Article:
Believable and preposterous, effective as a closing chapter and somewhat of a letdown if only because Mr. Nolan, who continues to refine his cinematic technique, hasn't surmounted "The Dark Knight" or coaxed forth another performance as mesmerizingly vital as Heath Ledger's Joker in that film.
    • 78 Metascore
    • 80 Manohla Dargis
    A central work in the new, boldly politicized Iranian cinema.
    • 78 Metascore
    • 80 Manohla Dargis
    Makes for gripping, merciless drama.
    • 78 Metascore
    • 70 Manohla Dargis
    There's a story, in case you're looking for one, though it's almost an afterthought, just the thin glue holding everything together, including the fine cast, the sense of broody place and the fatalism that seems to come with it. Mostly there's Mr. McDonagh's playful, sometimes overly cute language, which serves the actors and also threatens to upstage them.
    • 78 Metascore
    • 90 Manohla Dargis
    If you let it, No Home Movie invites you in first with its intimacy and then its deep feeling.
    • 78 Metascore
    • 90 Manohla Dargis
    Unguided by obvious story signposts, you slip from image to image, pulled along by their beauty (the digital cinematography is by Chris Dapkins) and by the dreamy, leisurely rhythms of the editing (by Seth Bomse).
    • 78 Metascore
    • 90 Manohla Dargis
    [Mr. Garland] plays with visual contrasts — Mr. Isaac’s compact, muscled body and Mr. Gleeson’s long, drooping one, picture windows that look out onto an expansively lush landscape and windowless rooms that register as upmarket prison cells — that dovetail with the narrative’s multiple, amusingly deployed dualities: confinement and liberation, agency and submission, mind and body.
    • 78 Metascore
    • 60 Manohla Dargis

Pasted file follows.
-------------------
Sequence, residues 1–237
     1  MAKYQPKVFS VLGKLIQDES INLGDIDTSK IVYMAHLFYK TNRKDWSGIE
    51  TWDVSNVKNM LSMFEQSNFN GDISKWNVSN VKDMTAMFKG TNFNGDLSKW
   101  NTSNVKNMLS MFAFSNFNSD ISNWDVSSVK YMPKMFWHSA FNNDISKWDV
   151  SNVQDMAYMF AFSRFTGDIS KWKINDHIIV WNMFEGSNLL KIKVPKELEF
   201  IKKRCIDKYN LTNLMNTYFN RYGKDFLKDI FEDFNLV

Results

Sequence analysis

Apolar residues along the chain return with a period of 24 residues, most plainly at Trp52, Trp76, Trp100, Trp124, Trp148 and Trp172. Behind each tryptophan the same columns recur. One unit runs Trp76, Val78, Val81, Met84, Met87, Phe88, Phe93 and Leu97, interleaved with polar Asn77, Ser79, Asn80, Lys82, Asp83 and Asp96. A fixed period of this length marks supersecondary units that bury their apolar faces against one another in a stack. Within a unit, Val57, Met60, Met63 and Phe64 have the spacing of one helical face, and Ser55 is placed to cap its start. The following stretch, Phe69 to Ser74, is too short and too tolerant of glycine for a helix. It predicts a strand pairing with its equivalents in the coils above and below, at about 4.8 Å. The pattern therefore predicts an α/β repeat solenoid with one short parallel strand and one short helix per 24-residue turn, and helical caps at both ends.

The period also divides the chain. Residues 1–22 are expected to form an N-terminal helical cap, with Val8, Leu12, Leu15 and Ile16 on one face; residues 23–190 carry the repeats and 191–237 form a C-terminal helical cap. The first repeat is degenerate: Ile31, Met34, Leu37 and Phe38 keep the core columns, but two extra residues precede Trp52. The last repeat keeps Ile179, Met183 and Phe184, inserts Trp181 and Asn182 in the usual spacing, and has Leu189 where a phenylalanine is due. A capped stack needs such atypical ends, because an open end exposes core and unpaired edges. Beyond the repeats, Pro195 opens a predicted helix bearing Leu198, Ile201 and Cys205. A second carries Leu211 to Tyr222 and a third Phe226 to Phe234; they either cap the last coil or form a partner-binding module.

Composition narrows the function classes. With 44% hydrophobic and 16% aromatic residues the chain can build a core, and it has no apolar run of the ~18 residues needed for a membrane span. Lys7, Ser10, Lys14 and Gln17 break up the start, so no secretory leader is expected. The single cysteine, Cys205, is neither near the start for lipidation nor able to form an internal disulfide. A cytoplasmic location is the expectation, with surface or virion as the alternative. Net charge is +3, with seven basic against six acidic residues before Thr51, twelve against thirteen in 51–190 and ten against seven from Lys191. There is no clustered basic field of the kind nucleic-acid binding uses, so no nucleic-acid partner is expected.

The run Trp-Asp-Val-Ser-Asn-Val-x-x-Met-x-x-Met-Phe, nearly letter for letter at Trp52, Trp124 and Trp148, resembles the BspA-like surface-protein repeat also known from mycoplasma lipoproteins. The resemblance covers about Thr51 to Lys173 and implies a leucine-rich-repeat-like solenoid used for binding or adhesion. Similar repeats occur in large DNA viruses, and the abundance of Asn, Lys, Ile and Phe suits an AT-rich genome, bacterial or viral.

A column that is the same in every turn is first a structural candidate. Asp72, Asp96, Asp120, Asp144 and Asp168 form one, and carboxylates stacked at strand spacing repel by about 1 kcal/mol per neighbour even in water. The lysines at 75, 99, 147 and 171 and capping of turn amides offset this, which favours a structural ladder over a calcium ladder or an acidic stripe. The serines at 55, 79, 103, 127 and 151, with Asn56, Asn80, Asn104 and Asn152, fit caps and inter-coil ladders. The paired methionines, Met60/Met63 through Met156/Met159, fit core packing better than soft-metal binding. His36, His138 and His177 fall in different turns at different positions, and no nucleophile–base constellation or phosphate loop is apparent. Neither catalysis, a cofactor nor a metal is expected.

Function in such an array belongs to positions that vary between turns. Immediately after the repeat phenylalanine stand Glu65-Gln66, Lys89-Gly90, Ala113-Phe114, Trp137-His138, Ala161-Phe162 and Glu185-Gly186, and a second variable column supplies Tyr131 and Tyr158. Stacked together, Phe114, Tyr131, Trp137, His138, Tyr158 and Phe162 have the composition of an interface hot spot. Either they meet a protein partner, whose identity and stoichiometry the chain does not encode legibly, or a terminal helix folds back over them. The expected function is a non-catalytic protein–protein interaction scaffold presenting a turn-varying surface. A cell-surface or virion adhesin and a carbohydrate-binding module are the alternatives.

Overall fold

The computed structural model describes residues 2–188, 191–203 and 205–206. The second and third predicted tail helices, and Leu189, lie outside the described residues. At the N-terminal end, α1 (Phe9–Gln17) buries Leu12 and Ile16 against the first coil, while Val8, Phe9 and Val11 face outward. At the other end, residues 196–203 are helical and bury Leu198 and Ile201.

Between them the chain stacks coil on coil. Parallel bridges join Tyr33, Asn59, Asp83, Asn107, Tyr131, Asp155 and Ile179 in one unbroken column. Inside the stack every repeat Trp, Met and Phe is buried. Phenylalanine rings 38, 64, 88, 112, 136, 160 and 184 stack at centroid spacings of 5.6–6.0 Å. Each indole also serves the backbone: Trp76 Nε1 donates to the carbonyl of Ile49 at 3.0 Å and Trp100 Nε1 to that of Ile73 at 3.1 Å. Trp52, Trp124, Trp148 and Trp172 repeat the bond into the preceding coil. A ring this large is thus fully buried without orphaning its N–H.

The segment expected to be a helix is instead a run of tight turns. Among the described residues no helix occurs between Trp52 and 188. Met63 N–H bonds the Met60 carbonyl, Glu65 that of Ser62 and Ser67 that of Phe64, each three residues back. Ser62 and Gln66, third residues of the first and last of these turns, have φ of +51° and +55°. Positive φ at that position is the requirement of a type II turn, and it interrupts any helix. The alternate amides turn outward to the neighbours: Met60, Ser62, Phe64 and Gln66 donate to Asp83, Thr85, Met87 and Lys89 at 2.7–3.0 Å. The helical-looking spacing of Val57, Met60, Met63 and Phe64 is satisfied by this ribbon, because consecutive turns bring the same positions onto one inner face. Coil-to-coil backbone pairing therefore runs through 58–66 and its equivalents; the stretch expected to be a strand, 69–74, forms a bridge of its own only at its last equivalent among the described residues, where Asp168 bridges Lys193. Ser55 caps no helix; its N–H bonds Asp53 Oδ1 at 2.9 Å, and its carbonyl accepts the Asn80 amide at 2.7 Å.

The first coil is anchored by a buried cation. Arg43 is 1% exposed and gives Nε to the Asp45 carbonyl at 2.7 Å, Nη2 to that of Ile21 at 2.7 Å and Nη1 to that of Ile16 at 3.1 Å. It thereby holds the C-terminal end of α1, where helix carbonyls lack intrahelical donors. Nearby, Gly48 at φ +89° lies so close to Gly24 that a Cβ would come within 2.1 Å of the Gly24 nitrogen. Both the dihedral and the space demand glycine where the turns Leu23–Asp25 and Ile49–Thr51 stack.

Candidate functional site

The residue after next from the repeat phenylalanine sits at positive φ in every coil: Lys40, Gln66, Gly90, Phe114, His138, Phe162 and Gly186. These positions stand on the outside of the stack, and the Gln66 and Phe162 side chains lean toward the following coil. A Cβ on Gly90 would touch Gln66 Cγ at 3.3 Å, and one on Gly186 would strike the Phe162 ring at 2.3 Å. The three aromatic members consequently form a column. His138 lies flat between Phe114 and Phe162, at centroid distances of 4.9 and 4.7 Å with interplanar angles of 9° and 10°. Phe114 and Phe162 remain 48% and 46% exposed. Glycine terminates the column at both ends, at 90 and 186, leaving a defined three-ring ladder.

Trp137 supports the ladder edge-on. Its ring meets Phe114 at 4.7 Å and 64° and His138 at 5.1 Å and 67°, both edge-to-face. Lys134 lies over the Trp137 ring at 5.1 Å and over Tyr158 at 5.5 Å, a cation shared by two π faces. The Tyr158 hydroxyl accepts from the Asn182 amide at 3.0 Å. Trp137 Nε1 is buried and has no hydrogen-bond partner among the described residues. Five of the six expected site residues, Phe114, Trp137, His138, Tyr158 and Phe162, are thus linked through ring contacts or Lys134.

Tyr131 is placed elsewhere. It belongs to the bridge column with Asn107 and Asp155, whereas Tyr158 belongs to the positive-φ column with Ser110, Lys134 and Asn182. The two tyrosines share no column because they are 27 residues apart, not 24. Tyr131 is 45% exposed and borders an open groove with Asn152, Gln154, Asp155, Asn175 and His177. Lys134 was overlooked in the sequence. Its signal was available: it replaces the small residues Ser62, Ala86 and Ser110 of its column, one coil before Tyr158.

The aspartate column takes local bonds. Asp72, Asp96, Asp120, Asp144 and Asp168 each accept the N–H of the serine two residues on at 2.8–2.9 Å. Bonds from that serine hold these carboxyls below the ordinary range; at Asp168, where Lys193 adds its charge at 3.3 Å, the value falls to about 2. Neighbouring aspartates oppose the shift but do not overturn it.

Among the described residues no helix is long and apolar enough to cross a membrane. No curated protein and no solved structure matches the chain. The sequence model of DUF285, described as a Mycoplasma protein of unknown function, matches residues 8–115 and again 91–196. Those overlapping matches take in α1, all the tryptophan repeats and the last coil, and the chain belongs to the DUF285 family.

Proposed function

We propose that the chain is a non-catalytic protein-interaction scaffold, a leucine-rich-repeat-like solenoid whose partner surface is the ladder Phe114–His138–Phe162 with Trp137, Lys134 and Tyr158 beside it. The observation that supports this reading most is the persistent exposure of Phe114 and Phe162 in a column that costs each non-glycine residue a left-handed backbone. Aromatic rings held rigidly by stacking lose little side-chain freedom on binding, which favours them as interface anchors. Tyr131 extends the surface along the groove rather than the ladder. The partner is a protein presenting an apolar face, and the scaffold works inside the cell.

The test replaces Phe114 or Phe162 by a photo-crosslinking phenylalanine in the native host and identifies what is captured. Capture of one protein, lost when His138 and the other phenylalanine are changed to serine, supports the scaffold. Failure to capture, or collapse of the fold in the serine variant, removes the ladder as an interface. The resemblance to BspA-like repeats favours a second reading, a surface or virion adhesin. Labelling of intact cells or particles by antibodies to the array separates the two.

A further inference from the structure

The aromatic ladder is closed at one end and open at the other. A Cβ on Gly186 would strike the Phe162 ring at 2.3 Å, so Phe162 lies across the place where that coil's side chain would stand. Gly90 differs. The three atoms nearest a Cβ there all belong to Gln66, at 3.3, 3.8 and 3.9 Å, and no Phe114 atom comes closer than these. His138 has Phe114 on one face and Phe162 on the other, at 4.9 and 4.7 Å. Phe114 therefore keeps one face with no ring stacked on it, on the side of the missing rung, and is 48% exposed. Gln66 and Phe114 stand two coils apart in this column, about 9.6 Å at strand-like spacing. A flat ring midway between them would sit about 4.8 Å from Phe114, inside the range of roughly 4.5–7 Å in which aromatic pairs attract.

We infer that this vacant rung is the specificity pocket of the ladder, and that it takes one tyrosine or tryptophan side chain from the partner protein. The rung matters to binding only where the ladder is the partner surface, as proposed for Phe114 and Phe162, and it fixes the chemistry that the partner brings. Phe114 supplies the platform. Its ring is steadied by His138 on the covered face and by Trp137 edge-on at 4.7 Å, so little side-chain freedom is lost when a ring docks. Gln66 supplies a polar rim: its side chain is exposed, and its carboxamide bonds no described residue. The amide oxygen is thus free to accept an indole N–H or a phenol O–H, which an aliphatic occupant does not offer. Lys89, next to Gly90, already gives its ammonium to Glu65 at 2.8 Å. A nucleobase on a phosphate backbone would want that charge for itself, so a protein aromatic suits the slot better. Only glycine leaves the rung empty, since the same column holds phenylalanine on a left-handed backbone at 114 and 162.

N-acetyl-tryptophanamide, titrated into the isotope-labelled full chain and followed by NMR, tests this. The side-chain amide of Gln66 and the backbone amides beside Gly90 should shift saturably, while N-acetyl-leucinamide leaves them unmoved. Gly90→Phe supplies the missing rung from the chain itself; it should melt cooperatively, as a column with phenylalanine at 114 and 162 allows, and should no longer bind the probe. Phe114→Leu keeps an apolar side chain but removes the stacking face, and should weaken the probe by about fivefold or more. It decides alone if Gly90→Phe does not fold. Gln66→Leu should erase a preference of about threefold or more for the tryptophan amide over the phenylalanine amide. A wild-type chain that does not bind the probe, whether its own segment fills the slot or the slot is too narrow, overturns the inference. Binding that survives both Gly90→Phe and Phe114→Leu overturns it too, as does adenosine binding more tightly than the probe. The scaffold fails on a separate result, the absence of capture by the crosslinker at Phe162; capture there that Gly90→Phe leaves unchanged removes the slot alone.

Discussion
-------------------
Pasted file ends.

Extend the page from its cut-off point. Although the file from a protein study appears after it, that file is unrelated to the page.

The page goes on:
Much like its young hero, played by Daniel Radcliffe, the film has begun to show signs of stress around the edges, a bit of fatigue, or maybe that’s just my gnawing impatience.
    • 78 Metascore
    • 70 Manohla Dargis
    Guest begins -- but doesn't end -- with caricatures, then peels away at our preconceptions until we see the heart and soul beneath.
    • 78 Metascore
    • 70 Manohla Dargis
    Too short by half, Lost Boys of Sudan affords frustratingly little by way of real analysis and history. But it does introduce us to two extraordinary young men whose faith in this country is almost as unbearably sad as their stories.
    • 78 Metascore
    • 80 Manohla Dargis
    The line between cinematic art and exploitation has rarely seemed finer and nervier, at least in recent memory, than in the French film Innocence.
    • 78 Metascore
    • 90 Manohla Dargis
    What’s explicit here is ravenous passion and the depiction of desire as a creating, destroying force that invades the very flesh. It's terribly French.
    • 78 Metascore
    • 90 Manohla Dargis
    It's all terribly tortured, often laugh-out-loud, absurdly funny and, as with all of Maddin's movies, conveyed through images that are as lush and beautifully over the top as the story's emotions.
    • 78 Metascore
    • 60 Manohla Dargis
    As it turns out, nothing else in Tracks matches the dramatic pow of a camel being relieved of his testes. Despite the otherworldly scenery and some predictable tragedy — Robyn can be maddeningly careless about the welfare of her animals — this proves to be a rather logy amble.
    • 78 Metascore
    • 70 Manohla Dargis
    The French director Bertrand Tavernier deploys some smart ideas in this film, a period story about wars on the battlefield and those closer to home, but there's something a bit goatish in his attention to some female charms.